She also noted that most people aren't willing to pass along their information unless incentivized. So she teamed up with a brand who she's an affiliate with, and she offers her readers a discount with that brand upon completion of the survey. That info is also shared with the other brand—it's a win-win.
Wondering how you can apply quizzes in your industry or niche? Here are a few ideas:
Restaurant industry: Give a quiz on food preferences or ask guests where they want to eat next.
Fitness industry: Ask fitness buffs who they'd recommend for training sessions, or do like Gainful and offer to personalize their supplements.
Beauty products: Create a quiz on skin types to match people with the right product.
Travel industry: Offer a travel trivia game to help select visitors' next destination.
Retail industry: Have shoppers answer questions about their favorite styles (maybe even tie it to a decade if it's relevant to your shop).
B2B industry: Offer a brand personality quiz or a quiz that matches their business with the best tools for the job.
One key thing to remember: online quizzes should be short and sweet. You don't need to ask too many questions to start building a valuable dataset—just enough to encourage users to fill out the rest of the form (and enough to give unique quiz results).
2. Conduct one-on-one interviews with customers
Data scraping tools can give you some insights into who your audience is and what they like, but it doesn't get you any nitty-gritty details. Like why they did or didn't choose your solution and what they think about your product or service.
This is where one-on-one interviews prove valuable. Miranda Yan, co-founder of VinPit, told me that interviews give the best results for her business because the company is able to better understand the emotion behind the information—in addition to getting really detailed answers. Miranda also uses focus groups to gather insights. To get folks to join, she offers payments to applicants who qualify (based on certain criteria).
If you're thinking about adding one-on-one customer interviews to your first-party data strategy, here are a few questions you should ask:
What is your biggest challenge with our product/service?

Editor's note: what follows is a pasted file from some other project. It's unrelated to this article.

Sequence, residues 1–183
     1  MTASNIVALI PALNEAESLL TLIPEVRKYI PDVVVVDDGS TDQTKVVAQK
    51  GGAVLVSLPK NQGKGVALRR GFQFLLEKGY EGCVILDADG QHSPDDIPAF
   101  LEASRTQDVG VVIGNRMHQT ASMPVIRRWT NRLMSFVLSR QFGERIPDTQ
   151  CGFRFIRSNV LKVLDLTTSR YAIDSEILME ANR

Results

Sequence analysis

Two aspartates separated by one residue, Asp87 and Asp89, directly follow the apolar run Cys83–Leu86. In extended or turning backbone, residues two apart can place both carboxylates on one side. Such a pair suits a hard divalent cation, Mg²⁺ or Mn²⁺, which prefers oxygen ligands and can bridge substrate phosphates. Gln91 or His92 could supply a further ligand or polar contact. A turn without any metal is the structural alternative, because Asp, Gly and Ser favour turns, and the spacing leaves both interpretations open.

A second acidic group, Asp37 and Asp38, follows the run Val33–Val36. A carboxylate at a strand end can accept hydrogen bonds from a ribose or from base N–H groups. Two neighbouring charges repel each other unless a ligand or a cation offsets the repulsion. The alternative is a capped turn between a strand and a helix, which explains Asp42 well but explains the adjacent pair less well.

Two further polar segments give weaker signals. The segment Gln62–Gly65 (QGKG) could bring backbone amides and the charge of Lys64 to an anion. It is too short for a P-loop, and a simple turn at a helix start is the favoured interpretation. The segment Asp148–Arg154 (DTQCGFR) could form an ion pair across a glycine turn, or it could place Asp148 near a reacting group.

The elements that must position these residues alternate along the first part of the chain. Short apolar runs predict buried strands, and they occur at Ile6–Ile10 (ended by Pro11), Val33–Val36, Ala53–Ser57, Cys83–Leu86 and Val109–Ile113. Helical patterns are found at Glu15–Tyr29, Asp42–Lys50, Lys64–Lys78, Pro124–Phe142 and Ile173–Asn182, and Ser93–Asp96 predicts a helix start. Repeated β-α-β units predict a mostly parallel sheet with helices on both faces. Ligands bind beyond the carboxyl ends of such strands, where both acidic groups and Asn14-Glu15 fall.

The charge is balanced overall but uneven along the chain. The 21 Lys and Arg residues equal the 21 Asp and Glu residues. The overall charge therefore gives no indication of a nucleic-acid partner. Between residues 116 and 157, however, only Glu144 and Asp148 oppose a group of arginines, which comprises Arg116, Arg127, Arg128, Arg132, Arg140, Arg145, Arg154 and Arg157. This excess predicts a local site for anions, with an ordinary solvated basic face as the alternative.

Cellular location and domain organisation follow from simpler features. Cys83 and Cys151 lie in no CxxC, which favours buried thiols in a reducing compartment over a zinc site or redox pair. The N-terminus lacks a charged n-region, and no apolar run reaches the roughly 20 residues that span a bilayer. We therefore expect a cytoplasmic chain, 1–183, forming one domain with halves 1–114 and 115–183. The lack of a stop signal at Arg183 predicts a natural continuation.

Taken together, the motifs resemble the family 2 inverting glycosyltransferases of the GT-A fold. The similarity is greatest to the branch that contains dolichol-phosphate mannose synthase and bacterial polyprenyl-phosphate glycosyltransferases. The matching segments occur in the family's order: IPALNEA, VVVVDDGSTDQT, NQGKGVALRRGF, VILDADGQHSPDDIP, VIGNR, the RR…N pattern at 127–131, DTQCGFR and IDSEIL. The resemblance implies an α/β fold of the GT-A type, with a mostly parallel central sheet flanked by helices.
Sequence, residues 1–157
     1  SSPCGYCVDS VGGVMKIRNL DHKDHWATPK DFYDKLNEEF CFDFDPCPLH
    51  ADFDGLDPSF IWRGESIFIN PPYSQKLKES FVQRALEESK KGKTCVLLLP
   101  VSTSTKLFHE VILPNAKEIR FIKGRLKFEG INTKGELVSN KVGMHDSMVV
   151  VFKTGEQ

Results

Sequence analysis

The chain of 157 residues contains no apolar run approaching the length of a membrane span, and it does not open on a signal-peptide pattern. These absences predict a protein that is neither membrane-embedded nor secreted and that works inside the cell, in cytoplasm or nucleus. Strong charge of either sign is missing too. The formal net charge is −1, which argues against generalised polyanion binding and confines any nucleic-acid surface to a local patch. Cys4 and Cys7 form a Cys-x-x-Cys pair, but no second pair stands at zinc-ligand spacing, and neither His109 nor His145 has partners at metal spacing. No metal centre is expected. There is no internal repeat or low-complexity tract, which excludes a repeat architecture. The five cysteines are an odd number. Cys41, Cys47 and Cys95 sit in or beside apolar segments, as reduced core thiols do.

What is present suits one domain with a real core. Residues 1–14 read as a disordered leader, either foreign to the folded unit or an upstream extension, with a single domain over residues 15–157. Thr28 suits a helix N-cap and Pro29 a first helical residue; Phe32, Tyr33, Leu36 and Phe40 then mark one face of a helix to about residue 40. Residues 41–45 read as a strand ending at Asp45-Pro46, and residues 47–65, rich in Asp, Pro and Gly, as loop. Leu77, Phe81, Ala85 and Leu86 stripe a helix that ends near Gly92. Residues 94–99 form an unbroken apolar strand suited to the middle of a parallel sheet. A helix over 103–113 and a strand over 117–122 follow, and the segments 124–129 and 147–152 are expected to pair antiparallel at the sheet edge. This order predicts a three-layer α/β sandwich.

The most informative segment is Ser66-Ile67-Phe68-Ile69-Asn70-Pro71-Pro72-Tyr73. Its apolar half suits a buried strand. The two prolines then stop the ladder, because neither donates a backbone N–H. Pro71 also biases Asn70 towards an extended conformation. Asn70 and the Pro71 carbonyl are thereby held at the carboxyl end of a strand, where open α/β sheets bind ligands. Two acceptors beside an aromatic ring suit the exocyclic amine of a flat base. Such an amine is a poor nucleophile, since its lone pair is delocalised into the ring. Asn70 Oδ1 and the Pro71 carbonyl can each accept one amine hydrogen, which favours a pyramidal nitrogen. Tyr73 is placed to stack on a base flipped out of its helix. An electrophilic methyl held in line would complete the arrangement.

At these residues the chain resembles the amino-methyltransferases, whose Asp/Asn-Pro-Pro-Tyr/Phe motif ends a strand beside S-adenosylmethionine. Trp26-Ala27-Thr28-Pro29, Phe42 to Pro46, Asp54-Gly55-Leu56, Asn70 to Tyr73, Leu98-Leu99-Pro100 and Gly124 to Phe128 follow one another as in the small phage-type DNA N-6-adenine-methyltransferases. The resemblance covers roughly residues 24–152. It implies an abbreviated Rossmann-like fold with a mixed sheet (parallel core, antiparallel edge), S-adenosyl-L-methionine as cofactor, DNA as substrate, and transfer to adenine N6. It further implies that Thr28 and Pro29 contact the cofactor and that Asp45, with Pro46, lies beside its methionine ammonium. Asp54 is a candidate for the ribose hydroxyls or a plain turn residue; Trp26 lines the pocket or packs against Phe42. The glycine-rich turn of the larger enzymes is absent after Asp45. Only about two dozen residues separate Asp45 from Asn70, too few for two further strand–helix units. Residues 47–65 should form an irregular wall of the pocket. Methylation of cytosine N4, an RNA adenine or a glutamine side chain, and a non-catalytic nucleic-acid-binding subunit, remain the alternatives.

How do you feel about our company?
Why did you choose us over another vendor?
What would make you use our service again?
What would you change about our product/service?
The goal is to find out what makes them buy. Home in on their pain points and decision-making patterns, so you can design marketing campaigns that help them through the buyer's journey.
3. Offer series of premium content
Gating content isn't a new strategy. But it can be an incredible tool for progressive profiling.
Traditionally, gated content only requires a few small pieces of information (usually name and email address) to access the content. While that's better for conversions, it doesn't give you the intel you need to understand who's downloading your resource.
For progressive profiling, you'd have a series of downloads that a single user acquires. Each time, they divulge a little more information about themselves via dynamic forms. Here's how Kevin Bloom, Director of Marketing and Digital Marketing Consultant at Hinge, uses this strategy.
We began using progressive profiling several years ago and have enjoyed watching our inbound leads and engagement grow. Website visitors who download a piece of our premium content share with us their name, email, and industry. When they want to download a second piece of content, our forms present fields for additional info like their role and company. This allows us to keep our forms short and less intrusive. The key, however, is to provide content they find useful and relevant enough for them to volunteer their information, a little at a time, and keep coming back for more. Otherwise, data gathering would be intrusive.
And it apparently works quite well: "About 30% of our mailable list has downloaded more than one piece of content. Our best inbound leads have gone through all four stages of our progressive profiling and most likely have attended a recent webinar."
In the meantime, you're also collecting email addresses for your mailing list, with the ability to automatically tag and segment them based on the content they downloaded.
Progressive profiling is an effective tool for getting first-party data. You get to identify users' interests and needs and deliver the personalized experiences they desire—all the while keeping their data in their control. Just make sure your offers are relevant and high-value, so sharing data with you feels like a no-brainer.